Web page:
Histochemical stain for carbonic anhydrase activity in human corneal tissue samples was performed according to published techniques with modifications as described here. 14,15 Frozen sections (12-μm thickness) were cut on a cryostat, immediately transferred flat onto a thin support mesh (matte tulle, 100% nylon; Jo-Ann Fabric and Craft Stores, Hudson, OH, USA), transferred to microfuge tubes, and kept frozen (on dry ice for transport and at −80°C in the laboratory) until use. Solutions for Hansson's stain were prepared fresh immediately before use. A cobalt solution was prepared by combining 5.0 mL 0.2 M CoSO4, 30.0 mL 0.53 M H2SO4, 15.0 mL 67 mM KH2PO4, and 30 mL H2O. Sodium bicarbonate (0.38 g) was dissolved in 20 mL H2O in a 50-mL Erlenmeyer flask with moderate stirring. Once dissolved, 8.5 mL of cobalt solution was added to the flask, mixed with moderate stirring for 4 minutes, and allowed to stand for 4 minutes. This reaction mix was then immediately transferred to wells in a 6-well plate (10 mL/well). A CAI (either 100 μM brinzolamide or 100 μM dorzolamide) or control (water or DMSO) was added to each well. A circle of thin nylon support mesh the size of the well was overlaid on the surface of the reaction mixture and the mesh with the frozen tissue section was placed tissue-side down on top of that immediately on removal from storage at −80°C. The tissue released from its original support and floated on the surface of the reaction mix above the larger circle of mesh in the well. This support was used to transfer the tissue between solutions until the end of the reaction and washes. The tissue was incubated in reaction mix for 2 minutes followed by a 1-minute wash in 10% sucrose. Samples were then incubated for 2 minutes in 2% ammonium sulfide and washed three times in 10% sucrose for 1 minute each. Samples were mounted on microscope slides with Vectashield mounting medium with DAPI (Vector Laboratories, Inc.). Specimens were examined by microscopy for deposition of black precipitate in regions of carbonic anhydrase activity.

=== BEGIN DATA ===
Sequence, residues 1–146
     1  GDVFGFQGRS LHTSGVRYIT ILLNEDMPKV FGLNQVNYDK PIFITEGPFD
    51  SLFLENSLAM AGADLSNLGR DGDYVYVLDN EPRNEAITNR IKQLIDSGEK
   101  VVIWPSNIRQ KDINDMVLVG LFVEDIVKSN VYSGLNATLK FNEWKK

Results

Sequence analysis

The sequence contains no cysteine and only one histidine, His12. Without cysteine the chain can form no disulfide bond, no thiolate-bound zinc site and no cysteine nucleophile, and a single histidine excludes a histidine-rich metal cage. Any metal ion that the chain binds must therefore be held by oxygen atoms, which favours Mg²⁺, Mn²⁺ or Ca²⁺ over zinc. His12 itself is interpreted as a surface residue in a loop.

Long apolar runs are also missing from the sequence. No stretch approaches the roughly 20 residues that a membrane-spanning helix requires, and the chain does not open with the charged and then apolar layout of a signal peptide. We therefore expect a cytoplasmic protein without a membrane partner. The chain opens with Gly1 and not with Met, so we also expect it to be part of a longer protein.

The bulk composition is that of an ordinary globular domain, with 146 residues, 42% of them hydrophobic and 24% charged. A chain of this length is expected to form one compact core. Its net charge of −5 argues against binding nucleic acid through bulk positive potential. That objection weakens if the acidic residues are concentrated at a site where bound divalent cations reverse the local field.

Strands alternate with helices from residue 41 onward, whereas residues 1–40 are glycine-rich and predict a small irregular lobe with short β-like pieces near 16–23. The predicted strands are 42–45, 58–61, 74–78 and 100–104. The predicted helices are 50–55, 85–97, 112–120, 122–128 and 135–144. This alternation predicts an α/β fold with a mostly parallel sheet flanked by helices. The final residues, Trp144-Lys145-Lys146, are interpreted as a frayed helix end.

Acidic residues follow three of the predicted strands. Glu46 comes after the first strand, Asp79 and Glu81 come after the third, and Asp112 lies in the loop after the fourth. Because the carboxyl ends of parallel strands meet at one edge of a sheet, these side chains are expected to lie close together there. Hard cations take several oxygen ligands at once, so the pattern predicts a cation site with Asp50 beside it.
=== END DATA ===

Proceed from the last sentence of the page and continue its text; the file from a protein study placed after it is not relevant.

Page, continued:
Results